Review: The Colors of Space

In the tradition of Heinlein, The Colors of Space by Marion Zimmer Bradley is a provocative space adventure for young adults. But upon closer look, there is a lot more to the story as it becomes a prime example of an archetypical hero’s journey.

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Countdown City by Ben Winters

Review: Countdown City, by Ben H. Winters

Countdown City By Ben H. Winters Quirk Books 2013 The world is still going to end. That’s the reality facing former Concord, NH, police detective Hank Palace as Countdown City, the second book in Ben […]

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Joyland paperback cover

Joyland by Stephen King – review

In Stephen King’s best novel in years, 11.22.63 (2011), the veteran author revisited the period of his youth, the 1950s and ‘60s. A character from the present, our present, went back to 1958, encountered love, […]

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Summer 2013 Anime Preview

So, you heard about that Sailor Moon reboot everyone is all excited about? It’s been pushed back to 2014 at least. Instead, here are the more notable examples of what you’ll have to tide you […]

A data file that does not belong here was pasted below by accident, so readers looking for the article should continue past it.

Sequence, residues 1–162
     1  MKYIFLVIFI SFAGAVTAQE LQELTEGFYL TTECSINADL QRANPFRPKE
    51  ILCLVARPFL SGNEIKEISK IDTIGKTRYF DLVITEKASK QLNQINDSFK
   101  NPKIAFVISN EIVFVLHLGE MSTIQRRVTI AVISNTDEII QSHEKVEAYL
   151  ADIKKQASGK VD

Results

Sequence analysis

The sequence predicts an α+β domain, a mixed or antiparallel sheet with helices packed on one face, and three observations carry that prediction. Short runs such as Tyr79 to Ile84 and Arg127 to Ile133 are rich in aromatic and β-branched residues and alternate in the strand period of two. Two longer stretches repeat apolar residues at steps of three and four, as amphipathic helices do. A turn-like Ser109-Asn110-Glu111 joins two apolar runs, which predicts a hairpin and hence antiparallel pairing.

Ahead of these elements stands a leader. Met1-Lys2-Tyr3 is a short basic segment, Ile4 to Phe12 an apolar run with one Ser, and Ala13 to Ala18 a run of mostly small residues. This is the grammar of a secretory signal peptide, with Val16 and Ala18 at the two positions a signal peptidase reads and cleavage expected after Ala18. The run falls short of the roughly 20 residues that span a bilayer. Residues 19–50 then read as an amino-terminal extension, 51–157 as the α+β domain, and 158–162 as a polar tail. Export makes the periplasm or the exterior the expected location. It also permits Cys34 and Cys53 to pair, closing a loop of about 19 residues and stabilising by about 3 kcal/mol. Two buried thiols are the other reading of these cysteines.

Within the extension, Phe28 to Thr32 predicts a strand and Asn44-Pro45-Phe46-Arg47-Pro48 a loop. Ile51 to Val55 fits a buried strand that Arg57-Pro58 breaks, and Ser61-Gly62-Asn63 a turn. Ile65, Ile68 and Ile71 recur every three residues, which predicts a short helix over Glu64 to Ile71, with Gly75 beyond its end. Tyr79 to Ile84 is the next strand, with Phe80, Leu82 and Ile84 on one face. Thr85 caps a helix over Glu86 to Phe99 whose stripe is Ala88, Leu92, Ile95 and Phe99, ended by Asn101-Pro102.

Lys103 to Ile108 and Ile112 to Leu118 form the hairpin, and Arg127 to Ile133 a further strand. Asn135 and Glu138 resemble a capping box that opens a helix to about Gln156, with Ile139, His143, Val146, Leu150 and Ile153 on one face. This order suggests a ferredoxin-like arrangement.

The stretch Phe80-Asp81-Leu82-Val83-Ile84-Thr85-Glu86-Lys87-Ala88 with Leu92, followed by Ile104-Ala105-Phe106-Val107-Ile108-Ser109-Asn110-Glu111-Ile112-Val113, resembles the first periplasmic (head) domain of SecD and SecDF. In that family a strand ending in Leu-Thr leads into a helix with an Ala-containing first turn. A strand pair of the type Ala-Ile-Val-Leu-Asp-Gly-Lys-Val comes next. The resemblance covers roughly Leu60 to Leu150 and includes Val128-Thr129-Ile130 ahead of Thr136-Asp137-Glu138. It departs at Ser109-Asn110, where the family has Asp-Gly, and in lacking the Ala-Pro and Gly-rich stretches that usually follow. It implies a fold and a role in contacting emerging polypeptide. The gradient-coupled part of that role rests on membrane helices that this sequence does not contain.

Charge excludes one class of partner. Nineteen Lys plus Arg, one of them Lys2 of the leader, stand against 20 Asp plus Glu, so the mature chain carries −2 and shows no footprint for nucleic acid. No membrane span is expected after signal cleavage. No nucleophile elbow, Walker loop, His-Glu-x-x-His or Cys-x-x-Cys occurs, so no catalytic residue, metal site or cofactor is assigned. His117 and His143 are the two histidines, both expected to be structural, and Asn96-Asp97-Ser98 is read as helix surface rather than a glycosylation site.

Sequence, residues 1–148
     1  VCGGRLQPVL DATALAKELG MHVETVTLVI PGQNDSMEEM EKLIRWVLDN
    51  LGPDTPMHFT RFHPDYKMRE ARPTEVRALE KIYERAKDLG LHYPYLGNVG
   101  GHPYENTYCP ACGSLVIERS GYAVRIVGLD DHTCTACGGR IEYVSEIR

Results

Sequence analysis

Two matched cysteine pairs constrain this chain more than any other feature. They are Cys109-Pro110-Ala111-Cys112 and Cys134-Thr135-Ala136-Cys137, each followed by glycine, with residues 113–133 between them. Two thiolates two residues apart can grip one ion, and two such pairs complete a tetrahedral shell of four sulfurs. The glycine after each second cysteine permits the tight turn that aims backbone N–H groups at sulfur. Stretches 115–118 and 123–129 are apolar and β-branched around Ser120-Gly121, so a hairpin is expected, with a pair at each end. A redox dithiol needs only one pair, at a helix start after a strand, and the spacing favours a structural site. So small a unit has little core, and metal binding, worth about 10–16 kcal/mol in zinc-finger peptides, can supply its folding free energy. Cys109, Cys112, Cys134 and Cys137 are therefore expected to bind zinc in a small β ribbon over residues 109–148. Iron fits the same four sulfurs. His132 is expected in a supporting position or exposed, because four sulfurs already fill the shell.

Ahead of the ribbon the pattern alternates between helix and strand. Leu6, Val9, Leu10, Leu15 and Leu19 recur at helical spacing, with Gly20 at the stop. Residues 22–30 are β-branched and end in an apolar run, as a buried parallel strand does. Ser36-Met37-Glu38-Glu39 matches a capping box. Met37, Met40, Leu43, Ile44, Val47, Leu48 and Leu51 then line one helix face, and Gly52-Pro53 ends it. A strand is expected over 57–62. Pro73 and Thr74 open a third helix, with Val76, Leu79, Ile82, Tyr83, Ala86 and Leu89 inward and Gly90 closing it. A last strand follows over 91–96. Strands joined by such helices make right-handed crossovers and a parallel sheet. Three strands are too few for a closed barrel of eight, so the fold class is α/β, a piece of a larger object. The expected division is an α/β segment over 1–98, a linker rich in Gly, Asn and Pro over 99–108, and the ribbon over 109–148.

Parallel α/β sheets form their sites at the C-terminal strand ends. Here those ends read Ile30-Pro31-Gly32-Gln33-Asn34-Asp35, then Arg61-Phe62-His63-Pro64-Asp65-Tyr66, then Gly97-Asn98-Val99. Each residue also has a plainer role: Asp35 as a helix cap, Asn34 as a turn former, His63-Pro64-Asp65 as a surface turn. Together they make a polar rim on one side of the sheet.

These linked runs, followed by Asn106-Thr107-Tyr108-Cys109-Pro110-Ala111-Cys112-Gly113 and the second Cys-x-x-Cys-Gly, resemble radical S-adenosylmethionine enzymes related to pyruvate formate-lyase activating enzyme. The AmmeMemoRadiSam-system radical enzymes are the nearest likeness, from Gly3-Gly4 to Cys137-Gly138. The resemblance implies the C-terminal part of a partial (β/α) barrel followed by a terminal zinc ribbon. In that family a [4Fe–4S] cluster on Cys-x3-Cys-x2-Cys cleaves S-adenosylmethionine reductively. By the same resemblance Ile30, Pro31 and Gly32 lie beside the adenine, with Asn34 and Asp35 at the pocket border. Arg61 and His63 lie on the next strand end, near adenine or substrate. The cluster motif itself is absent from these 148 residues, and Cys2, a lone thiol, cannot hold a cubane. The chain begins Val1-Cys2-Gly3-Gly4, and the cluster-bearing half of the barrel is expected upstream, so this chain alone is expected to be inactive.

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Psychics are Dark Fantasy

I remember being uncomfortable about the “psionics” in Dungeons and Dragons back when I was a kid.  Psychic powers seemed more appropriate in science fiction than fantasy.  I mean, we had Mr. Spock’s mind meld […]

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April is National Women’s History Month

Which is kind of short-shrift for women – one month only – considering that homo sap history is women’s history and, like, there’s this whole birth thing which kind of suggests that without women there’d […]

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Review: The Caves of Steel by Isaac Asimov

Alright we are back with my coverage on SF detectives and we return with the classic SF/mystery novel, written by the grand-daddy of SF himself, The Caves of Steel by Isaac Asimov. This first novel in […]

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Wooden Signpost at the Crossroads

Crossroads: Where Genres Meet in the Night

Speculative fiction’s ability to stay fresh is a direct result of its ability to blend with other genres: the mash-up, the hybrid, the literary crossroad are where science fiction has always found innovation. We’re a magpie genre, and I think that should be celebrated and explored.

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